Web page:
“Of course, we sometimes come across armed poachers – which comes with particular challenges, but we are trained on how to apprehend them. Last year we caught an entire armed syndicate… while we feel fear, we are brave.”
Hwange National Park is Zimbabwe’s largest national park, and a stunning story of conservation success. The park protects a diverse array of habitats, and as a result, boasts over 400 species of animal including over 100 mammal species. The ecotourism camps within the park provide employment and bring in much-needed funds for our local economy. However, wildlife in the park also faces serious threats. With the eastern and southern boundaries neighbouring several rural communities, this has resulted in an increase in poaching, both for bushmeat and, increasingly, for the illegal trade in animal products such as ivory.
Sadly the snares intended to capture plains game such as zebra, impala or wildebeest for bushmeat often result in the accidental snaring of lions and other predators too. 22% of lion mortalities in the park are caused by accidental snaring. There has also been an increase in the use of cyanide to poison elephants for their ivory. This is a cruel and inefficient method that not only results in the death of the elephant, but also wildlife such as hyaena, jackal, vultures, lion and leopard that feed on the carcasses.
The Scorpion Anti-Poaching Unit assists Zimbabwe’s Parks and Wildlife Management Authority (ZPWMA) in reducing the number of poaching incidents within the areas along the boundary of Hwange National Park. As Arnold Tshipa, Wilderness Safaris Zambezi Environmental Officer, and the ecologist who coordinates the unit, says, “Poaching has had a massive impact across Africa. You simply cannot look at conservation without tackling poaching”.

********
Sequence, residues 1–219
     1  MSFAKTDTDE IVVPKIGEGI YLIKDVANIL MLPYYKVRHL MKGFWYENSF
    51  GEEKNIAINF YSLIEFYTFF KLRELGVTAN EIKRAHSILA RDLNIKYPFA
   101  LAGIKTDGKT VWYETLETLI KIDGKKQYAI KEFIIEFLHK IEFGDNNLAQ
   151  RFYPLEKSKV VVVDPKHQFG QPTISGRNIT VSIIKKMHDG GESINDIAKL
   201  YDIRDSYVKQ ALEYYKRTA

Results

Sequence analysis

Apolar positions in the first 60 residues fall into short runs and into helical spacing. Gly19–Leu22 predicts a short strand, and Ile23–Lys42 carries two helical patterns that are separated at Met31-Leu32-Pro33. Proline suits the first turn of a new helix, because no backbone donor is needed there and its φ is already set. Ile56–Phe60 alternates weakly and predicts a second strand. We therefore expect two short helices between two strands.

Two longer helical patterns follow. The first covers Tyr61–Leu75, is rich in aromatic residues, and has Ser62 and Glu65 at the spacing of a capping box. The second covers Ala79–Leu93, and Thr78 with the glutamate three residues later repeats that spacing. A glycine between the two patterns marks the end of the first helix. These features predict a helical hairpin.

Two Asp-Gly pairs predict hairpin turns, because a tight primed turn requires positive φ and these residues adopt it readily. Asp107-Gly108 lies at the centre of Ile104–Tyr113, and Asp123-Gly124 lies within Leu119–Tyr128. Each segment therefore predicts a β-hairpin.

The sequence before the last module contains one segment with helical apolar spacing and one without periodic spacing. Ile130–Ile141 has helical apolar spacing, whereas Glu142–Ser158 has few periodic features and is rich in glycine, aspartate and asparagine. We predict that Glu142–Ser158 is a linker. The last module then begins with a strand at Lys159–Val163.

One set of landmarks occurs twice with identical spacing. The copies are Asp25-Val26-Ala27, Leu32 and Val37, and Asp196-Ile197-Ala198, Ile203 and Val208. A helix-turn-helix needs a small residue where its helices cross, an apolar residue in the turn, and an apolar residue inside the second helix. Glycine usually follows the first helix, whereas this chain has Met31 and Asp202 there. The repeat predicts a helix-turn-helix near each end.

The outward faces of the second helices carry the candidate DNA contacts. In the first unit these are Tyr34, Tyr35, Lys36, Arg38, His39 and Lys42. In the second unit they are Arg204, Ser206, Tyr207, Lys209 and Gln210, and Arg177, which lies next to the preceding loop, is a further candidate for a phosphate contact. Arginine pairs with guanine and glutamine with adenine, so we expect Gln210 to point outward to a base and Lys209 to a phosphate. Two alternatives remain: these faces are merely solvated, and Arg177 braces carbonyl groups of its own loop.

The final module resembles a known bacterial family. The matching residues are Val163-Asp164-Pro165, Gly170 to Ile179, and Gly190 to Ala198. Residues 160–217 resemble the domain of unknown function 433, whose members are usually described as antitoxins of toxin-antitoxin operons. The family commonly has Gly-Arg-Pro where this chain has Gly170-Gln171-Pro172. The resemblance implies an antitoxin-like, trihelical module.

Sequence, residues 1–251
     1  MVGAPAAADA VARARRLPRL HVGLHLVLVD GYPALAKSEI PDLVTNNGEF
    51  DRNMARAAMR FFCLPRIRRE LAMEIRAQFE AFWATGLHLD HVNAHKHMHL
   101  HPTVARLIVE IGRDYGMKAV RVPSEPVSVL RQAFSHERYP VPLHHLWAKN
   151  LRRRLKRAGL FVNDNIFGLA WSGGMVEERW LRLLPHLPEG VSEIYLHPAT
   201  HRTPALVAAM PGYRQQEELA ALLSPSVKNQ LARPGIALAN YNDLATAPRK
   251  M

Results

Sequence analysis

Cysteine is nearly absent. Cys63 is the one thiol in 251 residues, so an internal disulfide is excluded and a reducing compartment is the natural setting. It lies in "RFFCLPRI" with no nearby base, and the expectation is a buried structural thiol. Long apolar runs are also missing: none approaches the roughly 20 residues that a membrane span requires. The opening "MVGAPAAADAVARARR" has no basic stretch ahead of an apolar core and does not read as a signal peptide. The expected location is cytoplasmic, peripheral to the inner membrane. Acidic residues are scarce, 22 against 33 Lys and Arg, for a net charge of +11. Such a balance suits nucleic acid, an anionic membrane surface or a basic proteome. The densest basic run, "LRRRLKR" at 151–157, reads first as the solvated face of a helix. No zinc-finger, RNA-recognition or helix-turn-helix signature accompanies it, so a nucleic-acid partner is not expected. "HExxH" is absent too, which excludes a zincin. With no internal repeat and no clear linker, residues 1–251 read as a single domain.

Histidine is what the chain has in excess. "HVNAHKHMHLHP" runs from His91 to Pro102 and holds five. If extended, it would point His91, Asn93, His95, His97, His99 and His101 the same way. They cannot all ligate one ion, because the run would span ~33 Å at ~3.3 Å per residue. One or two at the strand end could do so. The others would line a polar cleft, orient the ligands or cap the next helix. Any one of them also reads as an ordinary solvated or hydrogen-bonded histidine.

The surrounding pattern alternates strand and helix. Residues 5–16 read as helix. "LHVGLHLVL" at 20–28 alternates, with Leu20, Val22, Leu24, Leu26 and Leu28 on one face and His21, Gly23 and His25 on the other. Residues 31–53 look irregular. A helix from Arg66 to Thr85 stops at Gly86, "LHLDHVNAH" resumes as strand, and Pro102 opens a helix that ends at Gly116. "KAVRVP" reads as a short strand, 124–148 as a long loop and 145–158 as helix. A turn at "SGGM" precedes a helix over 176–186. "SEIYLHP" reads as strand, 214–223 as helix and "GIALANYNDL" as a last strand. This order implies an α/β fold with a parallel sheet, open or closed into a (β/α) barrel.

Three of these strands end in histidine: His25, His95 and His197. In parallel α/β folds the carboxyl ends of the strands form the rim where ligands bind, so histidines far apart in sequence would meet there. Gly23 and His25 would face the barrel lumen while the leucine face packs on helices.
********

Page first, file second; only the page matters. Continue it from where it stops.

The Scorpion Anti-Poaching Unit consists of seven members who patrol an area from the edge of the concession to the national park boundary – an area that measures approximately 1 800 km2. The rangers patrol on foot and by vehicle, and walk between five to ten kilometres every day, depending on the day’s operations and their findings. The team removes snares set by bushmeat poachers, and seeks to stop animal trade poachers – who are often armed with assault rifles, making confrontations extremely dangerous. The rangers go out each day knowing they may face death in the line of duty.
To find out more about what motivates them I spoke to Dumisani Nyoni, who has been a ranger with the Scorpions for more than nine years. One of the first things he says when I ask him about his work is that he is proud that it enables him to support his family. Dumi says he loves to conserve wildlife and to teach younger generations about conservation. “If we conserve wildlife, we get more jobs. My family is dependent on wildlife”.
Dumi has been able to send all four of his children to school and says they all enjoy wildlife. He hopes that they can find employment in the bush one day too. His work is a passion for him and he continues to educate and raise awareness when he has time off in his hometown of Binga. “When I go home I teach people about how to conserve wildlife. In my community, people used to be angry with me because of my job. They did not understand it. Now they are happy, they understand”.
I am in awe of his passion and I cannot help but wonder if he feels fear, and if so, how he manages this. Dumi replies to my question with a chuckle, “Of course, we sometimes come across armed poachers – which comes with particular challenges, but we are trained on how to apprehend them. Last year we caught an entire armed syndicate… while we feel fear, we are brave now, just three days ago we took in a suspect who had caught a kudu in a snare.”
As we end our chat Dumi says he has something he would like to share, stating, “I would like to thank Wilderness Safaris, Imvelo Safaris, SATIB Insurance and Panthera who support us by providing much-needed funds, allowing us to continue our work and keep up the good fight. We were recently lucky enough to receive a new Land Cruiser which is a great help to us. In the future, it would be wonderful if we could expand to fourteen members so we can cover the largest area possible and make the biggest impact”.
The Scorpion Anti-Poaching Unit at Hwange relies on donations and supplies from non-profit organisations in order to maintain their presence.
Written and Photographed by Sarah Kerr
Post courtesy of Wilderness Safaris